It is important to remember that when a guardianship is established, certain rights are taken away from the ward. When thinking about rights, it is important to recall that if a guardian has authority over an aspect of the ward’s life, the ward does not. Depending on the type of guardianship established, different rights will be taken away.

It is also important to recognize that some rights are personal to the individual and cannot be exercised by a guardian. A guardian cannot make a will. In addition, voting is a fundamental right. Unless a court specifically rules that a person is incompetent for purposes of voting, an individual retains the right to vote – even if the individual has a plenary guardian.

Other areas of the individual’s life may touch upon fundamental rights or a right of privacy. There may be certain medical procedures to which a probate court will not allow a guardian to give consent, such as abortion or sterilization. However, courts may prevent or nullify the marriage of a ward, especially if the marriage takes place without the guardian’s consent.

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What types of guardianship can be established?

Limited Guardianship

Limited Guardianship is a relationship where the guardian has control only over a portion of the ward’s life. Only certain, specific rights are removed.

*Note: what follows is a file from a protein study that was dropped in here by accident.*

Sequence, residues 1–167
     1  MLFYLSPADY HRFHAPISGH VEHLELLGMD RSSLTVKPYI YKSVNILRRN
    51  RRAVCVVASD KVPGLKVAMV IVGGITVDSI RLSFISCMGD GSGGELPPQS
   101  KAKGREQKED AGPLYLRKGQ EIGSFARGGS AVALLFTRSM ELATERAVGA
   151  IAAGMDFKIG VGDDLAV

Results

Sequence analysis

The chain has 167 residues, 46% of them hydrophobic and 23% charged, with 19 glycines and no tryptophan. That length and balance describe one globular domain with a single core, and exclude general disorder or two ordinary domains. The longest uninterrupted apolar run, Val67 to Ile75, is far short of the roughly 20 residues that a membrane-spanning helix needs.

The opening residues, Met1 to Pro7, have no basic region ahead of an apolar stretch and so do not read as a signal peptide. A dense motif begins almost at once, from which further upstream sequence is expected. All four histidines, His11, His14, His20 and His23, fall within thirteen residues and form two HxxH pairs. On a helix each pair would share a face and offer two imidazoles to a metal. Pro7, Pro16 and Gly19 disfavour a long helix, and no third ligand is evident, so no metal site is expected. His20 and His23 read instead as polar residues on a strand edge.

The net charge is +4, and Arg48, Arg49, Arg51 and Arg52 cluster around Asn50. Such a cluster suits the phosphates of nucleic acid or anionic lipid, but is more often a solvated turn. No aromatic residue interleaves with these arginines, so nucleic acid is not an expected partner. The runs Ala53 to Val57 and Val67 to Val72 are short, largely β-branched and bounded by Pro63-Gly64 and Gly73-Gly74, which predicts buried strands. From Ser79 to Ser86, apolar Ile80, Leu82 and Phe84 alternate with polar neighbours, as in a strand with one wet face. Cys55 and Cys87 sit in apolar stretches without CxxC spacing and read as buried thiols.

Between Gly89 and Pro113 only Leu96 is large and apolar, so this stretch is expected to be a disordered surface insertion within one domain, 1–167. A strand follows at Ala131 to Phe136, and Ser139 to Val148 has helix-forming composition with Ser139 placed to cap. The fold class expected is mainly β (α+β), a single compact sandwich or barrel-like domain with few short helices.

Thus, you might have a Limited Guardian for medical purposes only (that is, to provide consent for medical procedures), for placement purposes only, or for the limited purpose of approving behavior plans and/or psychotropic medications. Because this is the least restrictive form of guardianship, it should be used whenever possible when some form of guardianship is necessary. A Limited Guardianship may also be limited to a time-frame (e.g., one year) instead of for a purpose.

Guardianship of the Person

Guardianship of the Person is a relationship where the guardian controls and protects the personal needs of the ward. Guardianship of the Person gives the guardian the authority to make all day-to-day decisions of a more personal nature (that is, all decisions except financial decisions) on behalf of the ward. Such decisions would include arrangements for food, clothing, residence, medical care, recreation, education, and other concerns. It also includes medical consents, consents to Individual Service Plans (ISPs), Individual Habilitation Plans, consents to participate in Special Olympics, to have a photo of the individual used, and so on.

Guardianship of the Estate

Guardianship of the Estate is a relationship where the guardian controls and protects the assets of the ward. Guardianship of the Estate gives the guardian the authority to make all financial decisions for the ward. This includes the ability to enter into contracts on behalf of the ward.

Plenary Guardianship